What is Continental Philosophy?

Continental philosophy is the name for a 200-year period in the history of philosophy that begins with the publication of Kant’s critical philosophy in the 1780s. The term refers to everything that happened during 19th and 20th century philosophy in mainland Europe, and it is commonly distinguished from the analytic movement in the English-speaking world. Continental philosophy therefore includes a whole array of movements and schools: German idealism, phenomenology, existentialism from Kierkegaard and Nietzsche to today, hermeneutics, structuralism, post-structuralism, French feminism, and the critical theory of the Frankfurt School, which blends Marxism with psychoanalytic theory.

Summary in four points

Is there a common denominator in all this diversity? Michael Rosen has a good analysis in his essay: “Continental Philosophy from Hegel”, printed in: Grayling, A.C., Philosophy 2: Further through the Subject, p. 665. Here is his summary in four points:

  1. First, continental philosophers generally reject scientism, the view that the natural sciences are the only or most accurate way of understanding phenomena. This contrasts with analytic philosophers, many of whom have considered their inquiries as continuous with, or subordinate to, those of the natural sciences. Continental philosophers often argue that science depends upon a “pre-theoretical substrate of experience” (a version of the Kantian conditions of possible experience or the phenomenological concept of the “lifeworld“) and that scientific methods are inadequate to fully understand such conditions of intelligibility.
  2. Second, continental philosophy usually considers these conditions of possible experience as variable: determined at least partly by factors such as context, space and time, language, culture, or history. Thus continental philosophy tends toward historicism. Where analytic philosophy tends to treat philosophy in terms of discrete problems, capable of being analyzed apart from their historical origins (much as scientists consider the history of science inessential to scientific inquiry), continental philosophy typically suggests that “philosophical argument cannot be divorced from the textual and contextual conditions of its historical emergence”.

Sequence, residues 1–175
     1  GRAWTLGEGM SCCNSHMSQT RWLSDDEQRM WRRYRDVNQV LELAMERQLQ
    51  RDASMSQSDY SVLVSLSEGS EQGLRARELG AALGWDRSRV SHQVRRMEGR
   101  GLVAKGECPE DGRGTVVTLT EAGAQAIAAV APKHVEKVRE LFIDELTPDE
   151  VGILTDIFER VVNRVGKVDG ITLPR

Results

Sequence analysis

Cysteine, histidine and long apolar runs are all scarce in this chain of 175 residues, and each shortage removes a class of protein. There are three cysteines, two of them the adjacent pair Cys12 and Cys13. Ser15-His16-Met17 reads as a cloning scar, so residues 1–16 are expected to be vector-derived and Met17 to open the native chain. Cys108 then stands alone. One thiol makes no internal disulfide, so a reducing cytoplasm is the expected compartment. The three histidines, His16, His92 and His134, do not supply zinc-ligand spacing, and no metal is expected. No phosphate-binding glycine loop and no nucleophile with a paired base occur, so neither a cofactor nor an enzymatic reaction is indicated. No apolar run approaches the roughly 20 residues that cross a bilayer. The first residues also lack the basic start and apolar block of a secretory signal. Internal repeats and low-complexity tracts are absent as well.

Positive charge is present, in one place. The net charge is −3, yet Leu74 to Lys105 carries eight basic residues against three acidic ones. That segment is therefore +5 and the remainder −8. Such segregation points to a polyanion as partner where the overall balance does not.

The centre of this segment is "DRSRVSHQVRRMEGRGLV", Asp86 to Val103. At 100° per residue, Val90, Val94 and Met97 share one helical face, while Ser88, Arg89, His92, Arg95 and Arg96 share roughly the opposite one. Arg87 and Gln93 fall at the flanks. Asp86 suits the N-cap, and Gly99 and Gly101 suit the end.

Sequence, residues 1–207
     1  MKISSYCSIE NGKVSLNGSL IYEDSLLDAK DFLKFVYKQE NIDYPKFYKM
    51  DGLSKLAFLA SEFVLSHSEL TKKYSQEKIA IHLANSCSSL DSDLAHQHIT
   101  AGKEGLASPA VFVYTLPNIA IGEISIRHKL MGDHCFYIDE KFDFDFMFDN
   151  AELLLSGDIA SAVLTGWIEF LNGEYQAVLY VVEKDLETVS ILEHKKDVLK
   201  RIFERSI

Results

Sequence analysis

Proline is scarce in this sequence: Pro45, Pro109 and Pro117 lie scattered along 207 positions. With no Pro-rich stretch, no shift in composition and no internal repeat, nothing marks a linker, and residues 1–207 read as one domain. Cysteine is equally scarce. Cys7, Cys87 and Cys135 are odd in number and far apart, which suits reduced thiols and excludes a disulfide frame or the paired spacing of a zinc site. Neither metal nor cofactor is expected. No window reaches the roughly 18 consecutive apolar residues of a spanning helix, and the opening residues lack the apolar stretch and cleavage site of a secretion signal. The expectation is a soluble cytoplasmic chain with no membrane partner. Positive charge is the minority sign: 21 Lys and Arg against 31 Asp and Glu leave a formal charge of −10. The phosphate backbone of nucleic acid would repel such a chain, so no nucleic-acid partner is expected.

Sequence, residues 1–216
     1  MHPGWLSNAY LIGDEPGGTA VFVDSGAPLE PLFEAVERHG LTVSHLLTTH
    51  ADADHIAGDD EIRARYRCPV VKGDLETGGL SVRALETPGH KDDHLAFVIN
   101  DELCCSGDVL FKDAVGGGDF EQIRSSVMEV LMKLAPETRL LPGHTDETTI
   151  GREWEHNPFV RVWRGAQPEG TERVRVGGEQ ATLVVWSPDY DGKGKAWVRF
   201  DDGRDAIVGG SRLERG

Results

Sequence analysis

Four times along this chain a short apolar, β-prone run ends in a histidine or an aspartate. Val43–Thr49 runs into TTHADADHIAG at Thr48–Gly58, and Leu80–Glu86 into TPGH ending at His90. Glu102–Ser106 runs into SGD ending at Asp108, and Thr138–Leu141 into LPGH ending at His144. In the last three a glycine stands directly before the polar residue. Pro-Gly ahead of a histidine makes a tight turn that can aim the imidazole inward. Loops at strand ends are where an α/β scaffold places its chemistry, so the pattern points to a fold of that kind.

3. Third, continental philosophy typically holds that conscious human agency can change these conditions of possible experience: “if human experience is a contingent creation, then it can be recreated in other ways“.Thus continental philosophers tend to take a strong interest in the unity of theory and practice, and tend to see their philosophical inquiries as closely related to personal, moral, or political transformation. This tendency is very clear in the Marxist tradition (“philosophers have only interpreted the world, in various ways; the point, however, is to change it” – Marx, Theses on Feuerbach), but is also central in existentialism and post-structuralism.
  4. A final characteristic trait of continental philosophy is an emphasis on metaphilosophy. In the wake of the development and success of the natural sciences, continental philosophers have often sought to redefine the method and nature of philosophy.In some cases (such as German idealism or phenomenology), this manifests as a renovation of the traditional view that philosophy is the first, foundational, a priori science. In other cases (such as hermeneutics, critical theory, or structuralism), it is held that philosophy investigates a domain that is irreducibly cultural or practical. And some continental philosophers (such as Kierkegaard, Nietzsche, the later Heidegger, or Derrida) doubt whether any conception of philosophy can coherently achieve its stated goals.

The Continental – Analytic divide originates in Kant’s approach, who develops his philosophy after reading Hume. He postulates that knowledge and our experience of reality itself are somehow connected; therefore philosophy should proceed by self-reflection and analytic reduction, and not just focus on empirical inquiry.

Key movements and writers: :

  1. German idealism and romanticism and its aftermath (Fichte, Schelling, Hegel, Schlegel and Novalis, Schleiermacher, Schopenhauer)
  2. The critique of metaphysics and the ‘masters of suspicion’ (Feuerbach, Marx, Nietzsche, Freud, Bergson)
  3. Germanophone phenomenology and existential philosophy (Husserl, Max Scheler, Karl Jaspers, Heidegger)
  4. French phenomenology, Hegelianism, and anti-Hegelianism (Kojève, Sartre, Merleau-Ponty, Levinas, Bataille, de Beauvoir)
  5. Hermeneutics (Dilthey, Gadamer, Ricoeur)
  6. Western Marxism and the Frankfurt School (Lukacs, Benjamin, Horkheimer, Adorno, Marcuse, Habermas)
  7. French structuralism (Lévi-Strauss, Lacan, Althusser), poststructuralism (Foucault, Derrida, Deleuze), postmodernism (Lyotard, Baudrillard), and feminism (Irigaray, Kristeva)

Further Reading:

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